My hearing is not as accurate or with the range of youth as many others' and I've been impressed/amazed at claims made by some regarding sound quality associated with differences between various components and setups. I'm sure, for example, that there is a measurable sonic difference between various comparably constructed interconnects and speaker cables but at what level are they actually discernible by the average listener? Is there anyone who can actually hear the difference between a one meter interconnect compared to one that is two meters long? I doubt it. What about elevating speaker cables? The advantage of elevating cables seems, no offense, bordering on fantasy, understanding of course, that those who use them are probably in a situation of having already maximized everything else in their setup.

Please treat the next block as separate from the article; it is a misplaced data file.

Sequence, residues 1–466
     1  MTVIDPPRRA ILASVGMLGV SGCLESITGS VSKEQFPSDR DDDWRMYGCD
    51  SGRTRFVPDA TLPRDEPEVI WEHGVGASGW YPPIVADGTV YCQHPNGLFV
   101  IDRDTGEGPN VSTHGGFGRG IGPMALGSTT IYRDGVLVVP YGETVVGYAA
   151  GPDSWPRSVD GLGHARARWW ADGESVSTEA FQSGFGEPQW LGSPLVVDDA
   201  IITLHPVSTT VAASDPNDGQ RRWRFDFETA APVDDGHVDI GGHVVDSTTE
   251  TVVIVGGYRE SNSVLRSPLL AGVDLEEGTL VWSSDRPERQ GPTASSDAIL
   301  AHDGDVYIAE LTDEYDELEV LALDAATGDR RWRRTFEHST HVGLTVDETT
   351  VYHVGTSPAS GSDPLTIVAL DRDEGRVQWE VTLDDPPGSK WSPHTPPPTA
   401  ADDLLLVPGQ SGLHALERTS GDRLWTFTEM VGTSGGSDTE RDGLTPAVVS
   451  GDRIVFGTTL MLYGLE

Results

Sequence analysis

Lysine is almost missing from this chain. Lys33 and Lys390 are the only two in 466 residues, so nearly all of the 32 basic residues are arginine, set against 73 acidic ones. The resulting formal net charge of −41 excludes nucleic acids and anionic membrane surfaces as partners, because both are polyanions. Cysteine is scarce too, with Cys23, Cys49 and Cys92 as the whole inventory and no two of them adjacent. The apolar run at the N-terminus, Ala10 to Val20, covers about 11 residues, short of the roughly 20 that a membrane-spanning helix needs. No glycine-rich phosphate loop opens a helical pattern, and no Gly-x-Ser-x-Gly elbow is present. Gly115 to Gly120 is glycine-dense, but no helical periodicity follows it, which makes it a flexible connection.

What about power supply? Again, I cannot tell the difference between plugging into any old household outlet and one that is stabilized. I do have completely dedicated power circuitry with power management myself but mostly for a little added protection and because it conveniently acts as a large multiple outlet power strip.
I can't give a good reason for this post; it doesn't help anyone except, I suppose, to let those in the same place I am to realize that they're not alone with these same issues. I realize, also, that these comments may have more to do with my own listening shortcomings and not meant to be judgmental of those who are not so burdened.
My current main system consists of the following:
Source - Apple TV - CAL Sigma DAC - Peachtree pre - Cary Audio Rocket 88R - Reference 2 Serie MMC speakers. OR: Theta Basic CD transport - Theta Pro DAC - speakers as above......and it sounds really good.
Broadstone, I enjoyed, understood, and appreciated your post. I also switched to tube (SET 300B) amplification, although I hadn't owned any planar or electrostatic speakers. I did have to switch from low sensitivity speakers, to a bit higher sensitivity sensitivity speakers, though.
My hearing isn't what it used to be either, but my enjoyment of music is undiminished.